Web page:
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If you consider the classic differential equation used in textbooks to model animal population growth and forget adding in the carrying capacity terms:

$dP/dt$ = rP

It would seem that the above DE would benefit from some variable rate r instead of some fixed rate r in order to achieve a more accurate model.

I tried googling around for this and I'm guessing I simply wasn't using the best keywords. I'm wondering if someone could give an example of a DE where a variable rate r is used and how one usually solves such an equation.

Thanks

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  • $\begingroup$ I suppose that you want $r$ to be function of $P$ itself. Is this correct ? $\endgroup$ – Claude Leibovici Jul 17 '17 at 4:31
  • $\begingroup$ @ClaudeLeibovici oops, i interpreted as a function of $t$, good question $\endgroup$ – qbert Jul 17 '17 at 4:32
  • $\begingroup$ @ClaudeLeibovici yes that is correct in this instance. though a function of t in other scenarios would also work $\endgroup$ – H_1317 Jul 17 '17 at 4:32
  • $\begingroup$ @qbert. It could be any of $t$ or $P$. As you wrote, this can make the problem more difficult but doable (probably "easier" with $t$ (?)). $\endgroup$ – Claude Leibovici Jul 17 '17 at 4:36
  • $\begingroup$ @ClaudeLeibovici i would think so. It also looks cleaner in integral form if your goals is to find an explicit formula for p(t) $\endgroup$ – qbert Jul 17 '17 at 4:48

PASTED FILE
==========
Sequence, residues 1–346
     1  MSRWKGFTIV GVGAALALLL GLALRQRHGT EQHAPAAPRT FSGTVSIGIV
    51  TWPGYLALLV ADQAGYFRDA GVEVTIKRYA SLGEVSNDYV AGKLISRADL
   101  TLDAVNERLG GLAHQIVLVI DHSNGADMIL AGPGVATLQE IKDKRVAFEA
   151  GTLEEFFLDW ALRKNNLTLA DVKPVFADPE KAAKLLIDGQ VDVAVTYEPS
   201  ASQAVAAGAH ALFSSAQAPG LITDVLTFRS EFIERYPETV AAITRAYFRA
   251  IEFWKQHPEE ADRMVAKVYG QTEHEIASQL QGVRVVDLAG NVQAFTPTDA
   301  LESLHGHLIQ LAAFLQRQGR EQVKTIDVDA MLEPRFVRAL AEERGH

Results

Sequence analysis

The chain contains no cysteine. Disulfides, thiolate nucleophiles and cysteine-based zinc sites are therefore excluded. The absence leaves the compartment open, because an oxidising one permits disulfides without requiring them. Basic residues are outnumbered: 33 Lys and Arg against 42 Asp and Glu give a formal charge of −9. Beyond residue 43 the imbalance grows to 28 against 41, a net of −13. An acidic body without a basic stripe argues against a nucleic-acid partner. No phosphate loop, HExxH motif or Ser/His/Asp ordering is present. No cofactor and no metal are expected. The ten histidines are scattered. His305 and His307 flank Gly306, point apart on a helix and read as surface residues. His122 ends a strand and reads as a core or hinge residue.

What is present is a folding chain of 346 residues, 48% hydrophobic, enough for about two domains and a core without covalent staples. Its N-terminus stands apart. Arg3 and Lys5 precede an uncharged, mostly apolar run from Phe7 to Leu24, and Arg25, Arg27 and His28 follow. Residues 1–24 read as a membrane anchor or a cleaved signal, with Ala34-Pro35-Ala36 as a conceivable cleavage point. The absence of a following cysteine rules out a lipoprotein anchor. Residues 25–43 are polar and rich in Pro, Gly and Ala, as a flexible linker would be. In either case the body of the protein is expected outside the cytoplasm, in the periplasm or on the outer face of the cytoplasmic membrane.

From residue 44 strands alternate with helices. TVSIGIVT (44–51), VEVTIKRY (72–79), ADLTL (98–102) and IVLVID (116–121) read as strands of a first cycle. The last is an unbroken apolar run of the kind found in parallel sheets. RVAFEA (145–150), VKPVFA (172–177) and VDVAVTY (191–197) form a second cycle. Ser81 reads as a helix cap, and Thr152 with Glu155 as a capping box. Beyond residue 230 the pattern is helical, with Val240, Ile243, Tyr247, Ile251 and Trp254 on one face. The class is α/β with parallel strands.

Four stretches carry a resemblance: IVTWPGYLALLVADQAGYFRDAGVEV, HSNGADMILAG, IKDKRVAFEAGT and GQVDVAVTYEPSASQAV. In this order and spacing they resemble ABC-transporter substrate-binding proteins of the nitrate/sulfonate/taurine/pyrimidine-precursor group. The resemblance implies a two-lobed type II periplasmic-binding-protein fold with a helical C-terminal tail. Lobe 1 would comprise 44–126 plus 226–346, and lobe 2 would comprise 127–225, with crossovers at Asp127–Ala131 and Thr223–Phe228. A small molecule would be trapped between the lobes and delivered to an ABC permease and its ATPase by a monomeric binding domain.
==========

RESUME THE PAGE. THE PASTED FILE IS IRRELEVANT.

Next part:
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If you try this out with $r(t)$ as a non constant function of time:

$$ \frac{dp}{dt}=r(t)p(t)\implies \ln(p)=\int r(t)\mathrm dt\implies p(t)=\exp\left ( \int r(t)\right ) $$ by the usual separation of variables method.

Whether this turns out to be something nice analytically depends on how easy $r(t)$ is to integrate. However, representing the solution in terms of an integral may be a totally valid solution for your purposes and the method is pretty much identical to the $r$ constant case.

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  • $\begingroup$ then i suppose the r(p) case would just end up being a more complicated integral to solve on the left with dp $\endgroup$ – H_1317 Jul 17 '17 at 4:41
  • $\begingroup$ @H_1317 correct. As long as you have a product of two single variate functions, you can separate and integrate just fine $\endgroup$ – qbert Jul 17 '17 at 4:47
  • $\begingroup$ What about initial conditions? I think $p(0)$ is missing here: as $\ln(p(0))$ in front of the 2nd expression, and $p(0)$ in front of the 3rd expression (from here) $\endgroup$ – Jesse Knight May 31 at 14:20
  • $\begingroup$ @JesseKnight yes certainly, seems like I was being sloppy with integration constants $\endgroup$ – qbert May 31 at 14:22

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